[17]  Probably the group appointed over the service of worship by David. They were survivors of God's judgment (see Nu.16 & 26:11). According to Anderson, "They were gatekeepers from Moses to David (1 Chr 9:19; 26:1-19). This seems to fit Ps 84:11. They had become renowned in helping David (1 Chr 12:6), and were appointed over the service of worship (1 Chr 6:31-32; 25). 2 Chr 20:19, in the time of Jehoshaphat, seems to be the last time they are heard of. However, Psalm 87, with the mention of Babylon (and possibly Psalm 85?), appears to be at least exilic. N. H. Ridderbos assumes that the sons of Korah did return after the exile since "the sons of the gatekeepers" are mentioned as such (Ezek 2:42 et al.).57 This seems likely. Note that Heman the singer in the time of David stemmed from Korah (through Abiasaph, 1 Chronicles 6). So it seems some of the sons of Korah were gatekeepers, and some (through Heman?) were singers (ergo 2 Chr 20:19). Asaph the singer stemmed from Gershon (through Libni). The sons of Heman and Asaph together are identified as singers (1 Chr 6:33-48; 2 Chr 5:12). The sons of Asaph are sometimes identified as the singers (Ezra 2:41; 3:10-11; Neh 7:44; 11:17,22; and perhaps 12:46). But this designation does not necessarily seem to exclude the Korahite line of Heman (2 Chr 35:15). Given that the sons of Korah are never referred to by name in Ezra/Nehemia, but only as "the gatekeepers," it may not be out of place to understand singers from their line being subsumed under "the sons of Asaph."" Return to Text

[18]  Anderson suggests that this is, "...a chief among the singers appointed under David (1 Chr 15:16ff.; 16:4-7,37; 25:1ff.) (cf. 1 Chr 25:1-2). He appears to have been an important author of psalms (cf. 2 Chr 29:30)." Return to Text

[19]  from doxa - glory and logia - word, meaning words of praise to God; Ps 41:14; 72:18-19; 89:53; 106:48; Ps.150 or Ps. 146-150; Psalm 150 is sometimes called the Great Hallelujah. Return to Text

[20]  Psalm 72:20 could either be an exception to the rule or an editorial edition since it was the last song in a unit. Return to Text

[21]  According to Anderson these are not only found, "... in MT, Qumran, LXX, and Targums, but it ought also to be noted that even by the time of the LXX translation (second or third century BC?) the technical terms contained there were so antiquated and obscure that the translators had a fair degree of trouble interpreting them. This is true also for the Targums. Furthermore, we find similar super/postscripts in other parts of Scripture (cf. Hab 3:1, 19b; Isa 38:9). There thus seems to be no reason not to take the super/postscripts seriously." Return to Text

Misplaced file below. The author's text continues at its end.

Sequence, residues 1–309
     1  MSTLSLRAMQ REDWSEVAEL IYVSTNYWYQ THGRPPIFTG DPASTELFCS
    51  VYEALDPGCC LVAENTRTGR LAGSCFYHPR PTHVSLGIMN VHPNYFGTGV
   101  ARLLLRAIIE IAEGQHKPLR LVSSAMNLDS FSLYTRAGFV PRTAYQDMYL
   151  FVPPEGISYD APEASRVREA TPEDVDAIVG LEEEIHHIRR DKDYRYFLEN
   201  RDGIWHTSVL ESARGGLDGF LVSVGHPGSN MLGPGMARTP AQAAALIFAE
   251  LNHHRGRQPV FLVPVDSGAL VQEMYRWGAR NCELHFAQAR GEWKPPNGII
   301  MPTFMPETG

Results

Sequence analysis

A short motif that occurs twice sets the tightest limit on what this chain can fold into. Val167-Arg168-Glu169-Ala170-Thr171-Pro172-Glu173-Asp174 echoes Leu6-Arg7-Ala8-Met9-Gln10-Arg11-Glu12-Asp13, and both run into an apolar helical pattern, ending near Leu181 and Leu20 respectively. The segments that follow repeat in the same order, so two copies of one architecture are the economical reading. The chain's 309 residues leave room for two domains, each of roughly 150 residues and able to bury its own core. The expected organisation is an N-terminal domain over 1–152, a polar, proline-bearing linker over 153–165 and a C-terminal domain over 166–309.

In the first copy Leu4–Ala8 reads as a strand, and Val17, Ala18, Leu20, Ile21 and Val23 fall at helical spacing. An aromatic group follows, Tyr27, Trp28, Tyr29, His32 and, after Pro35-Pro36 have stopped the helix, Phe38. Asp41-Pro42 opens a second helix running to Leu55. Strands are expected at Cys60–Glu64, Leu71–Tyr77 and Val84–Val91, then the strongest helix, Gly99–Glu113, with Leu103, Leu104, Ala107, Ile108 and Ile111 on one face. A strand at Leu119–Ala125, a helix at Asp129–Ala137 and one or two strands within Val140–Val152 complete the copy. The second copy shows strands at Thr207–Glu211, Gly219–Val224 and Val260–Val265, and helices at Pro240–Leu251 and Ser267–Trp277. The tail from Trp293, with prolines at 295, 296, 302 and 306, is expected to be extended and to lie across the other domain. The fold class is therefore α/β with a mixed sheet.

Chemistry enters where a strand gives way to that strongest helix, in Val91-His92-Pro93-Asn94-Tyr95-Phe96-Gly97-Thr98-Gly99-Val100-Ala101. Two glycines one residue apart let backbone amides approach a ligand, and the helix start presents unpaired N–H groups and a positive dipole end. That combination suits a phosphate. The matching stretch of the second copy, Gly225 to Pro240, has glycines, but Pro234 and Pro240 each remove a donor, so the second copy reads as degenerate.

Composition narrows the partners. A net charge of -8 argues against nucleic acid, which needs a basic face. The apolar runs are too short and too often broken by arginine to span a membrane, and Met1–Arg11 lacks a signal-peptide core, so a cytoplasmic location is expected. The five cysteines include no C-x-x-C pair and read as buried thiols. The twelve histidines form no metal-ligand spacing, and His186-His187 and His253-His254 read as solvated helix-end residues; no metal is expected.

[22]  Religious evolutionary theory of the early part of this century suggested that these ideas and poetical forms were too advanced for the period from the patriarchs through the kings. No serious evidence has effectively supported religious evolutionary theory, however. Additionally, substantial empirical evidence supports the ancient dating of the Psalms (e.g. psalmistry was extant in the Canaanite culture that is quite similar to Hebrew psalmistry; the language of the Psalms is ancient, etc.). Return to Text

[23]  Buttenwieser, Moses (1938) The Psalms, Chronologically Treated with a New Translation & Dahood, Mitchell (1970) Psalms The Anchor Bible Return to Text

[24]  There is one line of argumentation worth mentioning. Some suggest that the term lamedh (i.e. meaning 'of', 'to' or 'for') could mean a psalm is written by an author, for an author or a psalm the author wishes to have included in a book (e.g. Since book 1 is clearly a collection of Davidic psalms, the author might wish for his work to be included in that book when he titles it 'for David'). However, ambiguity doesn't argue for any point of view and in light of other evidence in support of Davidic authorship the burden of proof seems to lie with those who would deny David wrote the psalms attributed to him. Return to Text

[25]  from Bullock Return to Text

[26]  This is taken from Archer Return to Text

[27]  I am indebted to Dennis Bratcher for these genre's and sub-categories of Psalms. See, The Christian Resource Institute website at Copyright 1999 Christian Resource Institute. My use of Bratcher's genres should not be construed as an endorsement of the views expressed on his website, which I do not endorse. Return to Text

[28]  In the four weeks remaining after this introductory lecture we would have to cover a Psalm every three minutes. Return to Text

[29]  For example, Psalms 120-134 the Psalms of ascent were pilgrim songs sung by people as they made their way to Jerusalem for religious festivals & service. Some Psalms were used for community worship and so on. Return to Text

[30]  This will be our approach but I will note the functional uses of particular psalms as we go along. Return to Text

[31]  Please submit all written work in a type-written format (i.e. a computer print out) Return to Text

[32]  You can do this through footnoting or by referencing line numbers in a narrative style. Return to Text